Sponsored by QuickFrame by MNTN
Beauty, fashion and luxury brands have discovered that TikTok is not only a necessity in and of itself but a sandbox for testing and optimizing creative for audiences beyond the platform’s boundaries — including viewers across CTV and multichannel video campaigns.
While TikTok is a social media space, the platform creates a level of engagement akin to television for many users. And while TikTok is most widely known as a popular platform among younger consumers, it is proving an effective channel to reach audiences of all ages and interests. For instance, Business of Apps says more than 22% of TikTok users are over 35 years old. This engagement and broad reach allow brands to do focused creative testing across demographics since users are tuned in and hard to distract.
“TikTok has really changed the way that brands and consumers are engaging with content,” said Emma Henry, platform partnerships manager at QuickFrame by MNTN. “Because users are so engaged with this entirely different style of content, it makes a really good avenue for brands to do a lot of creative testing. Viewers on the platform are really watching your content, and they’re expecting content, whether it’s an ad or organic from other users, to be really outside of the box.”
By testing and optimizing videos on TikTok, fashion, beauty and luxury brands are learning what creative tactics are worth investing in for their audiences on CTV and other premium avenues.
TikTok is foundational for brands developing creative that resonates across platforms
Brands have traditionally repurposed TV commercials for digital and social platforms by adjusting durations and aspect ratios. According to Henry, fashion, beauty and luxury marketers should be flipping the formula and building for TikTok first.
As marketers begin testing creative elements on TikTok, their approaches vary based on a brand’s offering or sector. Henry recommends starting with testing tones and opening hooks.
“Brands can build their ads for TikTok first to test what tone of voice is really going to resonate with audiences. What video style, what messaging, what is really going to push the needle and drive conversions?” Henry said. “As a company, you might have two completely different target demos. To learn what is going to resonate with each one of them, you can start testing that on TikTok, and that’ll take a lot of the heavy lifting off when you’re going to produce more of a premium ad for CTV or for YouTube.”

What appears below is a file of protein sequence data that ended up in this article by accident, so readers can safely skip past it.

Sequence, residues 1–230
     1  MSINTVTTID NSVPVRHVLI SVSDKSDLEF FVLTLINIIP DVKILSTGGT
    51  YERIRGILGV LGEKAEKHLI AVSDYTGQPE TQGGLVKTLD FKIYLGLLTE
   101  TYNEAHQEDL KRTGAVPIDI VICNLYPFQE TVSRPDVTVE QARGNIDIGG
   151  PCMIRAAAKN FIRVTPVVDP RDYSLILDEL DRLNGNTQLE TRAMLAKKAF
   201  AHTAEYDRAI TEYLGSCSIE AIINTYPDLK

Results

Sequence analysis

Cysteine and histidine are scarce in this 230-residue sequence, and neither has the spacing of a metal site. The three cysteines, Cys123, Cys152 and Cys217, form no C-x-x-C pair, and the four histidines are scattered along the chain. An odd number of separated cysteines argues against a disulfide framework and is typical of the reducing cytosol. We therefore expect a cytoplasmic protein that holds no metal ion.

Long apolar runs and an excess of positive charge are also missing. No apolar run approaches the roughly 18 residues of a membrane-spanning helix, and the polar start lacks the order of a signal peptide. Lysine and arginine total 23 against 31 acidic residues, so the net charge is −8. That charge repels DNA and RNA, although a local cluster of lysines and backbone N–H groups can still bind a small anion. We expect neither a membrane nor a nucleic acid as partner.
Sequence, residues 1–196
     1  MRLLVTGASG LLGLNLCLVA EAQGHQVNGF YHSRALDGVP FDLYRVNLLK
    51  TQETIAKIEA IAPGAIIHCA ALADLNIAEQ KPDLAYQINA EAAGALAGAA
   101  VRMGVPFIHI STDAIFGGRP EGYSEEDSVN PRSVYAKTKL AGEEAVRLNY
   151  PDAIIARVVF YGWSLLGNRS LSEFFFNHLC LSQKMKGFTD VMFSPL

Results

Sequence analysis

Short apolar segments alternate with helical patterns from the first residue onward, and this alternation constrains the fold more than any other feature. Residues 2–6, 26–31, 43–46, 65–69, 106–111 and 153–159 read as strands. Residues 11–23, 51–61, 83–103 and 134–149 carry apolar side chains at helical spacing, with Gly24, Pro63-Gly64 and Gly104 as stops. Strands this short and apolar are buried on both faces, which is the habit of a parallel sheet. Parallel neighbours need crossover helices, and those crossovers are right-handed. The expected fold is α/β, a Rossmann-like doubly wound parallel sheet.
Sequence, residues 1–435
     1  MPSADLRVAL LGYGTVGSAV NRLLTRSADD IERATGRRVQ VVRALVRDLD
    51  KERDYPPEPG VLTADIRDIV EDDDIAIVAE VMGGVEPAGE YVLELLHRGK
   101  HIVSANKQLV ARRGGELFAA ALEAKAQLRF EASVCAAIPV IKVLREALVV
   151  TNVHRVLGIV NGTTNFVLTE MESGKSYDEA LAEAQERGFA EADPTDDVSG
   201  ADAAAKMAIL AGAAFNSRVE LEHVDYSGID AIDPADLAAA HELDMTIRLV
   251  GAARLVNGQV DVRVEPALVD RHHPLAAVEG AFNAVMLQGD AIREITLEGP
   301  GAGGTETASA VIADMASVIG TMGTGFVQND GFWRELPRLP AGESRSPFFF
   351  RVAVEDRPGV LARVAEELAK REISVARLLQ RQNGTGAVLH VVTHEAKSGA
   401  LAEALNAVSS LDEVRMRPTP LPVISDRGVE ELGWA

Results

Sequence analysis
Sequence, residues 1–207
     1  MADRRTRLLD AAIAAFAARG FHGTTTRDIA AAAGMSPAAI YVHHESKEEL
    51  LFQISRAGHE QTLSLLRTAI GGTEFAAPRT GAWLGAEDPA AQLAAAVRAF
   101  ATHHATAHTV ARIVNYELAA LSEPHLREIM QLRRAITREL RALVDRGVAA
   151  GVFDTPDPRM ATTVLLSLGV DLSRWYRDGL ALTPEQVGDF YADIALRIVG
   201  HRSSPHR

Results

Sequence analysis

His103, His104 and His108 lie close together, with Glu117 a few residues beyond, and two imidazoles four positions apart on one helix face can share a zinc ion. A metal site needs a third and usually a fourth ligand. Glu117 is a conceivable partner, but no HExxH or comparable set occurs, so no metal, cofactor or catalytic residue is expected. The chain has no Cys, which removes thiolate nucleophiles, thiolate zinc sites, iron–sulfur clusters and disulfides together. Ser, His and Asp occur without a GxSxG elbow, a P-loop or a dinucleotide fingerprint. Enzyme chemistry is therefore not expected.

Effective TikTok ads can then be shared on platforms such as Instagram, Facebook, or Snapchat. For platforms such as CTV or YouTube, where the aspect ratio is horizontal, the video content can be repurposed, or brands can create net-new content based on the learnings from TikTok campaigns, Henry explained.
Advertisers testing on TikTok are learning to trust the authentic feel of the UGC focus for which TikTok ads and videos are known. And while the premium-style ads of CTV typically feel less authentic to TikTok, Henry noted that all this testing could reveal exceptions to the rule.
“Different video styles can also be really useful as a variable to test in a multivariate campaign,” Henry said. “Some brands on TikTok actually do see that more of a premium look outperforms that organic feeling, UGC-style. So there are always outliers. And so it’s always worth testing, and you might find that UGC actually really pushes the needle on TikTok but premium is still going to work on CTV for example.”
Leveraging UGC-style video to balance authenticity with brand narratives
Another benefit of using TikTok for testing is that it is a lower-cost way to create more assets, mainly when using UGC-style videos. This type of content has surged in popularity in recent years, but many marketers, particularly in the luxury and beauty space, are brand-sensitive and hesitant about this video style.
Henry explained that UGC-style videos are different from influencer-created content because brands can work with in-house teams or vendors to take control of their narrative and shape the ads. For instance, Glossy recently reported that Sephora and TikTok have launched an Incubator Program with smaller creators to create content for three Accelerate brands.
Brands are also changing how they work with influencers and increasingly gravitate to smaller creators, including on TikTok. According to Henry, working with prominent influencers is an effective, high-reach tactic but less sustainable in pricing, timelines and brand sensitivity.
TikTok’s unique algorithm also means that regular app users can get views before building up large audiences. By working with these smaller creators, beauty, fashion and luxury brands are stretching their budgets and getting more content from users with engaged followers.
“There are a lot of content creators on TikTok, and you want to make sure that your brand ad — whether it’s from an influencer page or an ad on your own page — feels like it’ll fit within the entertaining content, as opposed to an ad popping up on YouTube,” Henry said. “You really want to make sure that the ad is going to be entertaining enough for users to stop scrolling and engage with that ad.”
With the multitude of content on TikTok, identifying and partnering with the right creators further enhances brands’ investment in the platform. The insights from those partnerships will further fuel premium campaigns on CTV and elsewhere.
Sponsored by QuickFrame by MNTN